Vindolanda, near Hadrian's Wall
The road that runs alongside Hadrian's Wall. Evening, twilight and the road undeviating, up and down like waves this road goes. Every landscape has its genius loci, its spirit, atmosphere, mood and subtlety. We drive along this straight road, no bends or twists or curves to accommodate the landscape's contours, it's like something placed over the top, a strip of duct tape, yet it has the feeling of having risen up out of the earth. This feeling reminds me of public gardens, where growing things have been tended, encouraged, shaped and trimmed. They glow in this attention. Yes, this landscape glows, an unobtrusive candle softens the rock ridges with their occasional brief lines and fringes of trees, like patches of stiff, arrested stubble. Between two rounded hills on the horizon, one solitary tree. It seizes attention.
This almost empty landscape has a welcoming familiar feel it it. It's a little like a secret too, an undiscovered valley, with civilization bustling and brimming and self-involved, on either side. Gossip and restlessness, fascination with fractured self-reflections lie just a finger's width away. Glass-fronted supermarkets, shiny car surfaces, windows catching partial, buckled images. People stop at a filling-station, as do we, and there's the traffic on the approach roads to Newcastle, the grumbling of cars slowing down at a roundabout and speeding up again. Even the bleakest, most abandoned landscape feels homely compared to this. We head quickly back to this ribbon road, this felt strip like a long bridge over the boulder land and its grassy skin. The few trees have twists and sudden turns in their trunks as if they had a history of grappling with something. The landscape wraps itself around the road.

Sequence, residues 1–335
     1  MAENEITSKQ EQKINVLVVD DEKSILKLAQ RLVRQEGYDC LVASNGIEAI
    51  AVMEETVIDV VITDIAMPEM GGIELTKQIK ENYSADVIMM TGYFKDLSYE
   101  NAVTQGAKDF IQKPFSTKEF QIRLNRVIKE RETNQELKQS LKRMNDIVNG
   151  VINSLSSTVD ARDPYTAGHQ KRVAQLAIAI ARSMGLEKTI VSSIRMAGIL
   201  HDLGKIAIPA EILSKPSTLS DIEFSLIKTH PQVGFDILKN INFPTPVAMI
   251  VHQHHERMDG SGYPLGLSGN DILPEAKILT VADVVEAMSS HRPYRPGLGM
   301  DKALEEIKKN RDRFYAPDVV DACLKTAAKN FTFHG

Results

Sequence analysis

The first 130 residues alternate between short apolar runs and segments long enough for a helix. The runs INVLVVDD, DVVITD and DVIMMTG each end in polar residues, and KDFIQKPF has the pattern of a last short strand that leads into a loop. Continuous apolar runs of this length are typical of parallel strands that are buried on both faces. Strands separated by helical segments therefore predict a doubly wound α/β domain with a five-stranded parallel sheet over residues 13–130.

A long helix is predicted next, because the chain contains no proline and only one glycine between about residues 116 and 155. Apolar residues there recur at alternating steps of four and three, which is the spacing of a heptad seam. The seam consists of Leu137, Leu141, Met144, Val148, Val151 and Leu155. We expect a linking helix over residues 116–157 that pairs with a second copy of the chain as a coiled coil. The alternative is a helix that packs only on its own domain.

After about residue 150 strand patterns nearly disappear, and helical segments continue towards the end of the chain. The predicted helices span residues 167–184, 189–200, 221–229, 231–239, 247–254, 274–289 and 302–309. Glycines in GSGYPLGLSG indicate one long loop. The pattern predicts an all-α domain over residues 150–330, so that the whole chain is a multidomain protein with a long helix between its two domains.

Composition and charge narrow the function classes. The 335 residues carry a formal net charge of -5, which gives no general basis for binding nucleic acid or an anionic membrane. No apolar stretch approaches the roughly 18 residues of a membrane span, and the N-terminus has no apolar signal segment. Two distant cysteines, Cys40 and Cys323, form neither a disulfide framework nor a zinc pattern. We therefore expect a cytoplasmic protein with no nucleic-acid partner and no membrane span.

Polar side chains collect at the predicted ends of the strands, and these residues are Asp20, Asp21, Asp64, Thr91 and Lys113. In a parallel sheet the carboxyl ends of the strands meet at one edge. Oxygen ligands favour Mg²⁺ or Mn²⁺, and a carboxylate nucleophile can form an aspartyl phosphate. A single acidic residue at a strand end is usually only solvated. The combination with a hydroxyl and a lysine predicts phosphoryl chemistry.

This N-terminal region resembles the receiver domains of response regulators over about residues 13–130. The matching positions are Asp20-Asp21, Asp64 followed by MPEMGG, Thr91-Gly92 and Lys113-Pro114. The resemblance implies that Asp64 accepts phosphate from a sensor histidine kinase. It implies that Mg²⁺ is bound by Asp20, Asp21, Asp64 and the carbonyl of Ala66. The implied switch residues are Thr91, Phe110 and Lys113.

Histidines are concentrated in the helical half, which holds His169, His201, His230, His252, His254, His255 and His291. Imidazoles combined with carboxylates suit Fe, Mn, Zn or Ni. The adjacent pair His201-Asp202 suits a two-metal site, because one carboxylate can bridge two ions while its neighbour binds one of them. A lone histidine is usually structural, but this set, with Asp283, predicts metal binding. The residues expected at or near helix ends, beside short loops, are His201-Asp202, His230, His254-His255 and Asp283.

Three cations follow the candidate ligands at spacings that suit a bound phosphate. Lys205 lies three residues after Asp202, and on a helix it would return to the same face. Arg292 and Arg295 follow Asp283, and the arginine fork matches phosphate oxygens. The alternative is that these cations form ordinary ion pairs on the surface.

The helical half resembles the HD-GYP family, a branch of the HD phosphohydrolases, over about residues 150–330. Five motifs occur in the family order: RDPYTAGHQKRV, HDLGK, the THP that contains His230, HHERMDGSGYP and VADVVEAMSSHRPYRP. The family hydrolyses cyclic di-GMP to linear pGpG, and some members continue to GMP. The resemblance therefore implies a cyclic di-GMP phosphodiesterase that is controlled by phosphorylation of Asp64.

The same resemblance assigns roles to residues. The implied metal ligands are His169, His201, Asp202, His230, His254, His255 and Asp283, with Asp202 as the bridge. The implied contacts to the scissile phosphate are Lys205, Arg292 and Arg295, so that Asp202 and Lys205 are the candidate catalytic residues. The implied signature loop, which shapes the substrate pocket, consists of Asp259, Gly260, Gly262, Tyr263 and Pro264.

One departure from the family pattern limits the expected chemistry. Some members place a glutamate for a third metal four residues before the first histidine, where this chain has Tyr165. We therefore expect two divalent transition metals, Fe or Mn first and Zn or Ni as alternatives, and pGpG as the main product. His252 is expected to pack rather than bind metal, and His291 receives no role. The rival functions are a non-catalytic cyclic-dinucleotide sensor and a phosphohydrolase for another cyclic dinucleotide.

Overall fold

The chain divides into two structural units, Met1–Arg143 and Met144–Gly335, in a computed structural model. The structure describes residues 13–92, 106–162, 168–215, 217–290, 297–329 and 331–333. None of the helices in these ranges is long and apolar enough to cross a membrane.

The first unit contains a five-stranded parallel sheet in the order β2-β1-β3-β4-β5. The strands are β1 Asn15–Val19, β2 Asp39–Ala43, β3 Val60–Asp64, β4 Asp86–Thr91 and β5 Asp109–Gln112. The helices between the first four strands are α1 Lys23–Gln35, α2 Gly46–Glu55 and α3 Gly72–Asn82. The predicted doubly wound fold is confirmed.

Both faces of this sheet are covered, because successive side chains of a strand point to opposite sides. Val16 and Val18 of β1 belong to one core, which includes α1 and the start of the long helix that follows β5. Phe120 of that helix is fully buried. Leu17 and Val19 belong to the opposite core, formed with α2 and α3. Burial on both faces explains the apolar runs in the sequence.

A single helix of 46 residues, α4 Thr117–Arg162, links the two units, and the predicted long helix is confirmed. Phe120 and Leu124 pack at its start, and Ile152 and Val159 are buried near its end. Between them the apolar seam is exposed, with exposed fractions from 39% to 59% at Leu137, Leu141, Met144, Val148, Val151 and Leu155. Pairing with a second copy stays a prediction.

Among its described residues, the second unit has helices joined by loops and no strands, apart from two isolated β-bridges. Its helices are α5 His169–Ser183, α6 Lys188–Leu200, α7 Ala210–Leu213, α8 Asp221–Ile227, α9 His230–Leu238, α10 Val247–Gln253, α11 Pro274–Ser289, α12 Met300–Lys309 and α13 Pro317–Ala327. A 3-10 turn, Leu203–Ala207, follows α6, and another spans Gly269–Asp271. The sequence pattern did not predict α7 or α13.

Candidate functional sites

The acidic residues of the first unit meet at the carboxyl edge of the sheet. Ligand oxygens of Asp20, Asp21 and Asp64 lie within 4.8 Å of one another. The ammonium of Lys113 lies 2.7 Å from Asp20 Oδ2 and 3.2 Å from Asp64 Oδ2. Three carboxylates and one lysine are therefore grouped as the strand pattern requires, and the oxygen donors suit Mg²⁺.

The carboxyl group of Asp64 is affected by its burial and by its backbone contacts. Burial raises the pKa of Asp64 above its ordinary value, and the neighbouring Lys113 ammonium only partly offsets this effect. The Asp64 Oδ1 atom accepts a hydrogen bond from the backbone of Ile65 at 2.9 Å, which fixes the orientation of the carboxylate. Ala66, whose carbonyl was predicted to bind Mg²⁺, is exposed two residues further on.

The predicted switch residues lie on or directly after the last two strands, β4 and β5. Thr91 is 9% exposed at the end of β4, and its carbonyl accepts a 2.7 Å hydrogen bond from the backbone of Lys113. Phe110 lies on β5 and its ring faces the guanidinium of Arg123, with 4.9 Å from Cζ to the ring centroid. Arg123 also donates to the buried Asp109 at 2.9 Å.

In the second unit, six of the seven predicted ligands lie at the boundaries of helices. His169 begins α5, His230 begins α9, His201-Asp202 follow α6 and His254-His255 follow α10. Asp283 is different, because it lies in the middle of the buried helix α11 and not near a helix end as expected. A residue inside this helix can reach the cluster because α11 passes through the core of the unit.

Vindolanda Writing Tablets
Among many fascinating artefacts found during archaeological digs at Vindolanda camp near Hadrian's Wall are the writing 'tablets'. These are letters, written on thin pieces of bark. The ink used was soot, mixed with water. They were discovered purely by chance. A video in the museum showed people handling lumps of oozing mud. Then fragile brown slithers were uncovered, cleaned, and X-ray photographed, which showed up the writing. I imagined the incredible excitement that must have been felt when they realised that these marks formed letters, they were writing. And after that, the laborious process of deciphering each letter. Handwriting has changed in almost 2000 years (they date from around 120 AD) yet astonishingly, it hasn't changed that much.
It made me think of the process of creation itself, beginning with mud, with something that comes out of the earth, is cleaned and honed into the patterned flight that writing holds in its alphabet wings.
The subject matter is deliciously mundane – will you come to my birthday party? Can you send me some more money? And a derogatory reference to the locals – Brittunculi – wretched little Brits!
While what they're written on and the process of extracting them from their layers of mud and history – is brushed with miracle and revelation. A curious reversal.
A couple of images of Berat, Albania – a tiny church on the steep hillside going down from the citadel quarter which is perched on a high rock above the rest of the city. And a narrow cobbled path between old buildings in the citadel quarter. You can read about my Berat experience here.